* Casing to withstand not * * * less than 20 inches W.000 pph Coal/oil or coal/oil/gas * * (shop assembled) or coal fired * * * Coal/oil or coal fired. * * Water tube boiler 30. pulverized coal firing * * * may use temperatures up to * * 600 deg F.000 pph * (field erected) Gas can be used if allowed * * by current energy policy.000 to 25.))))))))))))))))))))))))))))))))))))))))))))))))))))))))))))))))))))))))))))- 39 . Minimum flue gas * * temperature range is 300 to * 350 degrees F. 2 Keep water inlet * fuel oil. Keep * * outlet gas temperature * above dew point. Maximum * * * temperature of combustion * * air shall not exceed 350 deg F * * for coal stoker or wood chip * firing. temperature from 230 deg F * * * to 250 degrees F depending * * on sulfur content of fuel. temperature above dew point.000 to 160. Keep outlet gas * * unit) or high sulfur oil.MIL-HDBK-1003/7 Table 6 Equipment Selection For Boiler Plants +)))))))))))))))))))))))))))))))))))))))))))))))))))))))))))))))))))))))))))). gas. * Equipment Size or Type Pertinent Information * * * * Water tube boiler 10. some * * coal firing where required * for proper combustion or when * * * economically justified.G. * * * * Superheater Drainable * * * (part of boiler) * * . * * * * * Economizer Bare tube or cast iron Use where economically * * (part of boiler covered tube for coal justified. * Maximum casing surface * * * temperature not to exceed * * 150 degrees F. * * * * Finned tubes for No. * * * * Air heater Tubular or regenerative Use for wood firing.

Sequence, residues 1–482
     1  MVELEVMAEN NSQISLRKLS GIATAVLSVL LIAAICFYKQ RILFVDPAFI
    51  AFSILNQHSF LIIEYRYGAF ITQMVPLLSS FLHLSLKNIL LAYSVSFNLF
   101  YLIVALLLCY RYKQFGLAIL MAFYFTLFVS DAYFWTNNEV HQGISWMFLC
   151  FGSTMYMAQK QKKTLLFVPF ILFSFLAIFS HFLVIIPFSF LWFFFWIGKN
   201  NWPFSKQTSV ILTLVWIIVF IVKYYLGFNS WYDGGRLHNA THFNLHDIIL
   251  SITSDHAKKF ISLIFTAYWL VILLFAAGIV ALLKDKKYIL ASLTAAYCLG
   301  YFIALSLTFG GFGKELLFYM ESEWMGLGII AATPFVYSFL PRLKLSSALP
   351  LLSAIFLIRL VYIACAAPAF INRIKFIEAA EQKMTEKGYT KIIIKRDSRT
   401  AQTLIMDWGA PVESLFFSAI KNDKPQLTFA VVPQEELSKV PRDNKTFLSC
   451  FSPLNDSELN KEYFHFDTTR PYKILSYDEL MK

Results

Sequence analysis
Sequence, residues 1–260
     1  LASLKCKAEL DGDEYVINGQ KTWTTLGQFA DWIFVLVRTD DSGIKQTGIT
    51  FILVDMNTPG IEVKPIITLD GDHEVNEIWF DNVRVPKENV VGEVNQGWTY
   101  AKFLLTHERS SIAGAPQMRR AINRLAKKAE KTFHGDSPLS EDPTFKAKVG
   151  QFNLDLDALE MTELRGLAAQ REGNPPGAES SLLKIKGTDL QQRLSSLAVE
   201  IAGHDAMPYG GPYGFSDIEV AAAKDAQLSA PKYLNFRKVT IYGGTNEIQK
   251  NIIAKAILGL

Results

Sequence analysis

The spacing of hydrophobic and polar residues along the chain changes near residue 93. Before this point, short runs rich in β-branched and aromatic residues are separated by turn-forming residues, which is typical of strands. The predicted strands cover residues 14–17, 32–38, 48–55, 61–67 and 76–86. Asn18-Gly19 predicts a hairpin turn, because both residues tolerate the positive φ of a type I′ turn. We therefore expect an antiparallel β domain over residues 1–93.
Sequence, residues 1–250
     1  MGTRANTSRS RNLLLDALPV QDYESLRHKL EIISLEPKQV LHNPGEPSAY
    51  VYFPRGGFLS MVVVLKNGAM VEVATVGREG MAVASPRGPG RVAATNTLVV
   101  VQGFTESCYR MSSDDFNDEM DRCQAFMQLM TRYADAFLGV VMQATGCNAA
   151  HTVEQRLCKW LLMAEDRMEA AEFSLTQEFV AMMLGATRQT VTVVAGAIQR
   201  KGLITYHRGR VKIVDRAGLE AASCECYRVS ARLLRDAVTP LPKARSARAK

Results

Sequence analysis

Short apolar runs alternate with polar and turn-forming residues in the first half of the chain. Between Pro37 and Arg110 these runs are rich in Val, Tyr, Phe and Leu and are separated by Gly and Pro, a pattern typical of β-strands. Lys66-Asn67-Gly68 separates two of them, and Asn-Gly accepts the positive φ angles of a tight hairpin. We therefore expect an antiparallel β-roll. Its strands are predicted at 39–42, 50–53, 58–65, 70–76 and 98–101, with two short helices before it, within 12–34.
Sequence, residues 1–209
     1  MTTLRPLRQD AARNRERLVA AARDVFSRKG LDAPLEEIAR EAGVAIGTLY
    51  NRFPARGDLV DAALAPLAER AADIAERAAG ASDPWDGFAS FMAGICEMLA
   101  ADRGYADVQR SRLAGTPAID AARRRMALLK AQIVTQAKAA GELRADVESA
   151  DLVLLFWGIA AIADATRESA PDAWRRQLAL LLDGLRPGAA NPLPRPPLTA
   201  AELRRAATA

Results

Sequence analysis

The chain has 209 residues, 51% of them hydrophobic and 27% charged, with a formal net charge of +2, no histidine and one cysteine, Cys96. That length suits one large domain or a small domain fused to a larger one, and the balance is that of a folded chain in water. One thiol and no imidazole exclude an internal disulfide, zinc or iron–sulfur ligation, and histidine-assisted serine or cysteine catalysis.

000 or solid waste firing be * ACFM. Coal. 20% * * MIL-F-18523 * (forward curvedexcess pressure. air pollution regulation * or with a dry scrubber. Use * * * upstream of baghouse. * * * * .000 and content in compliance with * * 100. Either pulse cause of fire hazard. * * Draft Forced and * * * Induced * * * Induced draft fan Straight radial with Safety factor for test * shrouds or radial tip block ratings.5% * * * * * Baghouse Pulse jet cleaning up Particle removal from flue * to 50.000 actual cubic gas. * * * * * Wet scrubber Flue gas desulfurization for * fuel sulfur content up to 4. * * * * * Mechanical Multiple tube. high Flue gas large particulate * * cyclone dust efficiency removal. * * * * Electrostatic Rigid frame Particulate removal from * * precipitator flue gas.) Equipment Selection For Boiler Plants +)))))))))))))))))))))))))))))))))))))))))))))))))))))))))))))))))))))))))))). Use with fuel * which is in compliance with * * * air pollution control * regulations for sulfur. backward curved single block ratings same as * * Fan. Centrifugal thickness blade for ID fans. 20 to 25% excess * * pressure. * Equipment Size or Type Pertinent Information * * * * Forced draft fan Backward inclined or Safety factor for test * * MIL-F-18523. oil and * backward inclined) gas. 60 to 80% * * collector efficiency is common minimum * protection for ID fan.MIL-HDBK-1003/7 Table 6 (Cont. Use * * * jet or reverse air with fuel with sulfur * * between 50.))))))))))))))))))))))))))))))))))))))))))))))))))))))))))))))))))))))))))))- 40 . Reverse air blinding or for wood chip * * cleaning over 100. 10 to 15% excess * * * volume.000 ACFM. Add 25 deg F to * temperature of gas. Do not use for oil * * * cubic feet per minute firing because of bag * * (ACFM).